I've singled out the new brief scene after Noodles drives the car into the water because, while it seems fairly negligible, it's surprisingly rich when placed alongside other scenes. In this new sequence, all the gang members resurface except Noodles. This understandably makes Max nervous. He panics and thrashes around trying to find his friend but is overshadowed by a nearby crane that’s busily and indiscriminately picking up garbage from the bottom of the sea floor.

This short sequence creates a parallel with Max's garbage compactor suicide as well as mirroring an earlier scene where the group, as adolescents, scheme to recover submerged contraband with sacks of salt. So in an instant's time, this newly restored scene further establishes Noodles' fatalistic identification with Maxie as his twin. The post-crash footage also sets up a troubling intermediary image to connect the relatively innocent past with a forbidding future. And this is probably the least impressive of the recovered scenes!

Sequences like the one where Deborah (Elizabeth McGovern, who was also at last night’s screening) performs Cleopatra's death scene in Shakespeare’s Antony and Cleopatra or Noodles talks to the caretaker of the gangsters' tomb confirm Leone’s status as a master choreographer. The film’s vision of life is all the more complex for these bridging scenes, because they call attention to Noodles’s inability to reconcile his past with his oppressive present. It’s as if key missing pieces of a never-completed jigsaw puzzle have finally been put into place. Every piece is important, even the smaller ones.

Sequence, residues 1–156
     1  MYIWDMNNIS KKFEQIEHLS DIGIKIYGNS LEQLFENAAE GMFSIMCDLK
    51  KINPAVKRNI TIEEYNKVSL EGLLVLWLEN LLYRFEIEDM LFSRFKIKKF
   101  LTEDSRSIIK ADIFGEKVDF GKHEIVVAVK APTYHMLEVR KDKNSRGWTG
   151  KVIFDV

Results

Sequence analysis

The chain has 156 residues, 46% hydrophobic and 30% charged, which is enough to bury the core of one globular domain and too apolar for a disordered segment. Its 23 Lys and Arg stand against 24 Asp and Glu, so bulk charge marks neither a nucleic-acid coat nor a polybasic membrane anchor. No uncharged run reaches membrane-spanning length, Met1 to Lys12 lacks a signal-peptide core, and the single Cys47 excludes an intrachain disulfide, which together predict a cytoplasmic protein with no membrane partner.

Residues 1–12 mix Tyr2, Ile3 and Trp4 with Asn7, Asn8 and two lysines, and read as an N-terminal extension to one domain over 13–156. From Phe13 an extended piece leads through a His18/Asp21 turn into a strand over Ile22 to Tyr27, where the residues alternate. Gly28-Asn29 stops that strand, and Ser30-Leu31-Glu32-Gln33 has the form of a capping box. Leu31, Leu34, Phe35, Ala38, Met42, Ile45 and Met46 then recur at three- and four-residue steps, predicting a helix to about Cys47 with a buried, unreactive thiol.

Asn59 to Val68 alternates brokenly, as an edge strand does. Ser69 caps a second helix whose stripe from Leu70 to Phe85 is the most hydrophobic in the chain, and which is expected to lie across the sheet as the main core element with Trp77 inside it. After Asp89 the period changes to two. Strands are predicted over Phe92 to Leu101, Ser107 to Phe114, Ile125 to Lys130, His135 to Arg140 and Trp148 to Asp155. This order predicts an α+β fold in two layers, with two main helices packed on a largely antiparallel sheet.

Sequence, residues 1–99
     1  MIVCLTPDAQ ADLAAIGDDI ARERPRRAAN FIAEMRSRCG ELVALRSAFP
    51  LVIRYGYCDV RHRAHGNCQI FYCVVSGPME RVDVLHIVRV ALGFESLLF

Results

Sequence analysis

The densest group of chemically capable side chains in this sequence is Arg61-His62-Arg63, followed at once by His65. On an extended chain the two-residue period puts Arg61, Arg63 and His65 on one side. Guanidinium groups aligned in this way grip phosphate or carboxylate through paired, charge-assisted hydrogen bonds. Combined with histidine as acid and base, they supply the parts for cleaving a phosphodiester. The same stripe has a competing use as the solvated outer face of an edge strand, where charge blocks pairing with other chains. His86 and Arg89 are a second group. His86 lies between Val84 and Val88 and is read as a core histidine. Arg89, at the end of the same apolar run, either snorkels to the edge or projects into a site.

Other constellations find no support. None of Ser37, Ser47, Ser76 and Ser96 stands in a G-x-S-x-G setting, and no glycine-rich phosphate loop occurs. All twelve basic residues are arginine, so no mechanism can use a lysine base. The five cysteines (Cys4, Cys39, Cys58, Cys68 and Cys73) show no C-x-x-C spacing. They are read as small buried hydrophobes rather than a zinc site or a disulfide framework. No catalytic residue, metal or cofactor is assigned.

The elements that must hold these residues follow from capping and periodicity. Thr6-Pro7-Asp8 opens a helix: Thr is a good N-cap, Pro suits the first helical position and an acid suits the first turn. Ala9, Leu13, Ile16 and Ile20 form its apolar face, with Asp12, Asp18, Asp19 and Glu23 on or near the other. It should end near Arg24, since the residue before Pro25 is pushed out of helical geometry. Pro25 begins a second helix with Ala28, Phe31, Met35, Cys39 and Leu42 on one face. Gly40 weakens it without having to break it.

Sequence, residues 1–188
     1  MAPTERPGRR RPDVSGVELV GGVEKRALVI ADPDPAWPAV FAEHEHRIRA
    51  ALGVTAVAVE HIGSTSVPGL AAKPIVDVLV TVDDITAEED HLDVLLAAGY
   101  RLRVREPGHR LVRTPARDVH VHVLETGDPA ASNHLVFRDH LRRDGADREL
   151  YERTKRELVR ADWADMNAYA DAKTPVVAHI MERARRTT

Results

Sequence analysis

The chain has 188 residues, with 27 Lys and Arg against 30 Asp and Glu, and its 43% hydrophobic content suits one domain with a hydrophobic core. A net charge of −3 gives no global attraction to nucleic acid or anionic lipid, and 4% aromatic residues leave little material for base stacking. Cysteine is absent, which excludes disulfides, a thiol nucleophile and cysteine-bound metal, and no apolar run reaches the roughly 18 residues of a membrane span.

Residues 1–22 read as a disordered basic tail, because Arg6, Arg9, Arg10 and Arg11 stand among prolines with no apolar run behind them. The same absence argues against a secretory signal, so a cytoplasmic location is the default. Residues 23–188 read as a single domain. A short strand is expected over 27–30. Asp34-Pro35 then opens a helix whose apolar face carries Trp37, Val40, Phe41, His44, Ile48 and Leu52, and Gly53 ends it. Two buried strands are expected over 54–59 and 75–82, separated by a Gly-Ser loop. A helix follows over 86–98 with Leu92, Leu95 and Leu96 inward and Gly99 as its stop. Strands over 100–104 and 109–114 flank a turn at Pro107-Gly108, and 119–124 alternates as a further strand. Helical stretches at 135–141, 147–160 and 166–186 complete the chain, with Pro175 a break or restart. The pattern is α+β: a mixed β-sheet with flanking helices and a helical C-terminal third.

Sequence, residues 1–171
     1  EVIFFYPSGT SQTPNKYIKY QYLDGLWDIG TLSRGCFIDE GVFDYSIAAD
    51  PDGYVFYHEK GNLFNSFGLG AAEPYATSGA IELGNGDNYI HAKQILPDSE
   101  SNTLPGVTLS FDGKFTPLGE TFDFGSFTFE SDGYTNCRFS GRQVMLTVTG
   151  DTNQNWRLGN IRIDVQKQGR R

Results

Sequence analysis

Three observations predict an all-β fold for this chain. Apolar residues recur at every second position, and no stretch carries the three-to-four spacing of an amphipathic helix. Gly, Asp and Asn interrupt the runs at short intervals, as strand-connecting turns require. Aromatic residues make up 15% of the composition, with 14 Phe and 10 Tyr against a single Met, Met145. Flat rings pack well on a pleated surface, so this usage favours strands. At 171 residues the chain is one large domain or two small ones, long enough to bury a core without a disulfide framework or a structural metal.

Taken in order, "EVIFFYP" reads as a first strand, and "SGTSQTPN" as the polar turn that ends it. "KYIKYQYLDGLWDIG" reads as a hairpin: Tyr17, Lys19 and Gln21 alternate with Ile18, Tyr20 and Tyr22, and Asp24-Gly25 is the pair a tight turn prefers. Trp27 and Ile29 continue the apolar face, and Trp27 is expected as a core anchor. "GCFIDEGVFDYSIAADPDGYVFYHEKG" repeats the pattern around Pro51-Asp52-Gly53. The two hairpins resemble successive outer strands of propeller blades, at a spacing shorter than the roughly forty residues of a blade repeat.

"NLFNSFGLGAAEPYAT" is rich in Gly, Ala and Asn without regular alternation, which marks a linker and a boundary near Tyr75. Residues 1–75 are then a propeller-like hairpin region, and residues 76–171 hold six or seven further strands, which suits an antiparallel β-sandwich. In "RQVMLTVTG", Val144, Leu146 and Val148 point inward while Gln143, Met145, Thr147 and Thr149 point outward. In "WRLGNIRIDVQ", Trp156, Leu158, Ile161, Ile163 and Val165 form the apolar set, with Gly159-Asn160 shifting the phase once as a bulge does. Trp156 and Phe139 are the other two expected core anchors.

Simon Abrams is a New York-based freelance arts critic. His film reviews and features have been featured in The Village Voice, Time Out New York, Slant Magazine, The L Magazine, The New York Press and Time Out Chicago. He currently writes TV criticism for The Onion AV Club and is a contributing writer at the Comics Journal. His writings on film are collected at the blog, Extended Cut.